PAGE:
12 412 Agwaga.
Text: Strength of the king is mentioned. Includes the bodyguard (jo Bura) they killed so many people from that village, saying you go back to your village and bury your people. Your people don’t go to Jurr. Stay on the Ethiopian side.
ANUAK Project: FIELD NOTES – July 12, 1972
Retyped: June 7, 2019
1:10 Leave for Tierlul.
1:15 Arrive at Tierlul and stop at our favorite tree. No one there this time and Paul therefore goes from place to place and soon one or two come.
1:45 Begin recording, going into a house (Paul’s house) to do the work because of the sound of the grain grinder motor. The first fellow is a young exuberant fellow who uses motions to make points in his singing. Olok Ajem from Tedo. He sings much softer for the tape than when he was singing before the serious work began. We must be careful of too careful responses which alter the natural way of normal response. On the whole however, this is not or doesn’t seem to be a problem. The people sing in quite an uninhibited way especially after getting used to the idea.
1:55 Orieu Omot also from Tedo sings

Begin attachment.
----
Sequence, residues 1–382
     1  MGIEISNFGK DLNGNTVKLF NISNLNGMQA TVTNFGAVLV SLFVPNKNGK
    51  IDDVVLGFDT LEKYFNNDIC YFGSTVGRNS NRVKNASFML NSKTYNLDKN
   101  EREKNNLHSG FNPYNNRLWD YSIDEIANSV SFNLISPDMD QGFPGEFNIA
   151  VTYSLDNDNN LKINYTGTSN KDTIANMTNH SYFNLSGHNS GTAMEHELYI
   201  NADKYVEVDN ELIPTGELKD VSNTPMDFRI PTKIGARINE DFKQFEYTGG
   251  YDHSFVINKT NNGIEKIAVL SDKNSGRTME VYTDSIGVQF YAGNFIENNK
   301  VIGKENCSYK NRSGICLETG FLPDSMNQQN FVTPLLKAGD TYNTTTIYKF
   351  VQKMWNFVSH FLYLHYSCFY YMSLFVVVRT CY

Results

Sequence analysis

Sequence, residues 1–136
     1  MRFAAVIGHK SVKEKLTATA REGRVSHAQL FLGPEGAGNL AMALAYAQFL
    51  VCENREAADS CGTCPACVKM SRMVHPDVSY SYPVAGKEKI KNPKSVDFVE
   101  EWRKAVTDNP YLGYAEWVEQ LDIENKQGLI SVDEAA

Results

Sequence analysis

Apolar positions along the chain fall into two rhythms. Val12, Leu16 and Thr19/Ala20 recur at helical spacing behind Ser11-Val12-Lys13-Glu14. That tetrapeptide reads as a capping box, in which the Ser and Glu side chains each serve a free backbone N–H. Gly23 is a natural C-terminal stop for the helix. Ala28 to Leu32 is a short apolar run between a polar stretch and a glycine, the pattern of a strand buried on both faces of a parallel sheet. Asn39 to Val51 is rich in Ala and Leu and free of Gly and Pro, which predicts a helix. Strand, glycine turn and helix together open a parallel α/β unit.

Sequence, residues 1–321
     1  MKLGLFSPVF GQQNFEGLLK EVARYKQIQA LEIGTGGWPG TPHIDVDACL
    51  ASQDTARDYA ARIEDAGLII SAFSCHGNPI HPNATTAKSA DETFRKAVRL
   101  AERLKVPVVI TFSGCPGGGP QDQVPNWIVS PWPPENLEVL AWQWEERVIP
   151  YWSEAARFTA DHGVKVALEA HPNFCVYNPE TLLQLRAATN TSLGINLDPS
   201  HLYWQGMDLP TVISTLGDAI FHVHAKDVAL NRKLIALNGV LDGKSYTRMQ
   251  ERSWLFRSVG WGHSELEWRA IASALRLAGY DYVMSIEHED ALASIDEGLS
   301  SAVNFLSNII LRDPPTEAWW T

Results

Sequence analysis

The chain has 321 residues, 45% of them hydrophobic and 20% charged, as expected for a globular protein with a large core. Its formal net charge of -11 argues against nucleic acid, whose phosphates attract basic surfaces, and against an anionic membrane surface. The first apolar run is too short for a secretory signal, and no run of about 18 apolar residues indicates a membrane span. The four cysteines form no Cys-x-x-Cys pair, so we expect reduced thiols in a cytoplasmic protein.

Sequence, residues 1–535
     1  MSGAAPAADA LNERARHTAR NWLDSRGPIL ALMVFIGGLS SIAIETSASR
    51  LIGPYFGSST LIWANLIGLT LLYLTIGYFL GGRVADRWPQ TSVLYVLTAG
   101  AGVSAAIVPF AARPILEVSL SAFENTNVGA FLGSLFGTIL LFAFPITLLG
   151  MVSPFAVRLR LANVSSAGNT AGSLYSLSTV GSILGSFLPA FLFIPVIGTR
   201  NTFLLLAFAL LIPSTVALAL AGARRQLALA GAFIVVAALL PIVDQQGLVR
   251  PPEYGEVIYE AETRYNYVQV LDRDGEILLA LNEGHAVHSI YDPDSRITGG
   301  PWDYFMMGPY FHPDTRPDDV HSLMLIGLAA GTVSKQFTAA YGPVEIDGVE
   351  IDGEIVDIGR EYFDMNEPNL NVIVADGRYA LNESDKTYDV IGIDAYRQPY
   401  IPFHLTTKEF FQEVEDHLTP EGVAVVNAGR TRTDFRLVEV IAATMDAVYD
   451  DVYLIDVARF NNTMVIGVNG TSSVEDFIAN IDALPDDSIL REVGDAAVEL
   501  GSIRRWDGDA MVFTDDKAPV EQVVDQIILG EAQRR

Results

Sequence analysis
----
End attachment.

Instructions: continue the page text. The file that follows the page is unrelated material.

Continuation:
2:10 Gora Odola from the Sudan village of Ajwara.
Orieu Omot returns to sing several more times. These fellows appear to be between 20 and 25.
2:40 Thorgi Olok an older lady sings an old song. An apparent pattern is that the lower part which is like a chant is to be sung by those who are singing with. The higher part is the part of the leader.
Tape 1: Side 2
2:50 Sung by a young girl, Ojicli.
Sung by girls who have taken part before. Awiti Ojulo from Tedo and Awili Akway from akobo (Sudan). They sing in a variety of ways a variety of songs from love songs to lullabies. Others add their voices in several cases.
3:20 Alam Omot from Tera and Kwot Ojulo and Ocan Obang from Nyikwo village sing a variety of songs in several styles. Alam Omot has sung several times before.
We exhaust our battery supply and so have to wait for replacement before Ocan Obang can sing (Nyikwo) but we finally have replacement by about 5:20 and he sings several songs.
5:45 We finally end a hard-working session having filled two tapes. Much patience has been needed today because the songs have been somewhat short from a variety of sources with some delay between, some looking around for the next singer, and always the need to play back the entire performance for the benefit of the singer. This of course doubles the working time and doubles the use of the batteries through which I am going at a great pace. The feeling I am getting now is that we have quite well exhausted the music contributions of Tierlul. We are hearing the same songs again (which is good for comparison purposes) but the people are getting a little weary of the idea and are lacking to a degree in the freshness that I would like. It seems to be time to move on.